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Writing Entry: Grave 43: Remembering Pony

Written by Tim Lambert, witf Multimedia News Director | Oct 3, 2014 9:30 AM

grave43.jpg

Photo by Tim Lambert/WITF

LAMBERT:

(Undated) -- 84-year-old Irene Vigosky spends her Sunday afternoons each fall like most western Pennsylvanians, watching her beloved Pittsburgh Steelers take the field.

But, this Sunday, October 5th, will be different. It'll mark the 70th anniversary of when she learned one of her older brothers died fighting in World War II.

VIGOSKY:

"My mother, one or two nights before the telegram came, dreamt exactly the way it came to be."

LAMBERT:

The telegram presented to Vigosky's mother was notification her second-oldest son, Eugene, had been killed July 25th, 1944, near Saint Lo during the Battle of Normandy in France.

At the time, Irene was 14-years-old. She's never visited his overseas grave and still wonders why her father decided not to have Eugene's body returned home.

(NAT SOUND WALKING UP STEPS)

 After walking up the steps into her small, second-floor apartment in Beaver Falls, Vigosky, known as "Skee" to her friends, is sitting with her nephew Dave Nemeth as he takes Eugene's Purple Heart out of its case.

NEMETH AND VIGOSKY:

"By the way, this is the first one I ever saw. Let me see..I haven't seen it in a long time.  It's heavy!"

LAMBERT:

Eugene had a nickname. It was Pony.  "Skee" remembers he served as a mortar instructor at Fort Benning, Georgia, and would reassure his mother he would not see combat.

VIGOSKY

"But, then came D-Day."

LAMBERT:

Eugene and the 30th Division likely hit Omaha Beach five days after D-Day and joined the vicious day-to-day combat raging inland through the hedgerows and farm fields.

Soon after, Nemeth says the tone of his letters changed dramatically.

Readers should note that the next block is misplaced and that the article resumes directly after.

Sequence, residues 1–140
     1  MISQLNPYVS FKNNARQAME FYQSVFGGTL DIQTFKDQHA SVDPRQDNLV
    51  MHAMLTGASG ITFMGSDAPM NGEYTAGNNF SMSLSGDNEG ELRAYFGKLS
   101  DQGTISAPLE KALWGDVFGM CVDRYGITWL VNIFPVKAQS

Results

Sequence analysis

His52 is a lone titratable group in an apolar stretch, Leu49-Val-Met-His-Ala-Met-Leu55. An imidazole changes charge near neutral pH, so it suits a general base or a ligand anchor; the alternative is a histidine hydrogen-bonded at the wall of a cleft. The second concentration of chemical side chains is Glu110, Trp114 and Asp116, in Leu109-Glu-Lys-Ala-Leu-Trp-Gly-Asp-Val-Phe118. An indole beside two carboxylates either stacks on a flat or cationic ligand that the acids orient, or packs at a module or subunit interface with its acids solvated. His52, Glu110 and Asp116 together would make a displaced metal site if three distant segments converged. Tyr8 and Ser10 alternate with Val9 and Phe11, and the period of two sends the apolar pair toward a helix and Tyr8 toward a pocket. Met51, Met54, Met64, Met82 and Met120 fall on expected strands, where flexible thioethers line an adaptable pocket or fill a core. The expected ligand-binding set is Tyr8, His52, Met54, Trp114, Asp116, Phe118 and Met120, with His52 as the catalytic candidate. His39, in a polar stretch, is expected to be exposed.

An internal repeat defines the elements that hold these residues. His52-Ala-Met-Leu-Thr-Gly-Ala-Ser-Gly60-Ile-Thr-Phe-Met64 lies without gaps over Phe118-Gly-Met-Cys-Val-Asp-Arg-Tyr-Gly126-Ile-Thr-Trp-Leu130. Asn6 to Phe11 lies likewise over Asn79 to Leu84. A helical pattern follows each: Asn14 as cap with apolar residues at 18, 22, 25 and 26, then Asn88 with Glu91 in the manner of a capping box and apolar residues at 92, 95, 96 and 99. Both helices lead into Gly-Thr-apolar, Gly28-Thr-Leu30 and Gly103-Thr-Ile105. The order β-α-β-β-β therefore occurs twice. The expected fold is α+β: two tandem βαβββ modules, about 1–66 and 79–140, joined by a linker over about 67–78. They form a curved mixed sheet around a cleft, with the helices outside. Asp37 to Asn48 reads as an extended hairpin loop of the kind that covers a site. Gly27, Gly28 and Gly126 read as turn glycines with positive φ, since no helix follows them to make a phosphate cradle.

NEMETH:

"The last letter that they got...he says in there...pray for me because I don't see how anyone can live through this."

LAMBERT:

To this day, it's not known how Eugene died -- only the date and the place. 

Skee's parents were first-generation Americans.

She knows how much her father loved his new homeland, but still questions why he allowed Eugene to be buried in France.  

VIGOSKY:

"You know it's my brother, they'll going to bring him home. But then he might have had the feeling that he was proud that his son was there, fighting for this country. So, he would leave him there. I never thought about that. We might have to take a break here...because, it's starting to hit me now.

LAMBERT:

  Keep in mind, 60 percent of the families who lost loved ones during the Battle of Normandy chose to have their sons or husbands returned to the U.S.

So, her dad's decision  (nat bells) -- like thousands of other families at the time....

(NAT BELLS AMBIENT)

meant his boy would eventually be interred at what is perhaps the most famous overseas U.S. military burial ground and looked after by strangers.

Row after row after row of white crosses and Stars of David are aligned perfectly in any direction, as far as the eye can see. The green grass is immaculate.

The Normandy American Cemetery spans 172-acres and overlooks the bloodiest of the five D-Day landing beaches - Omaha.

That's the place where Vigosky may have first stepped foot in France.

(NAT SOUND -- CEMETERY VISITOR CENTER)

"Bonjour. Bonjour. I'm looking for the name of a grave."

"Okay, you can use the screen on the other side of the elevator."

 LAMBERT:

Vigosky's final resting place is among 9,383 soldiers, sailors and airmen and four women.

 Another 1,557 are listed on the cemetery's walls of the missing.

This is one of two dozen U.S. military burial grounds on foreign soil overseen by the American Battle Monuments Commission.

LEWIS:

"My name is Anthony Lewis. I'm an interpretive guide at the Normandy American Cemetery."

LAMBERT:

When a next-of-kin does visit, staff members like Lewis escort them to the gravesite of their loved one for a special ceremony.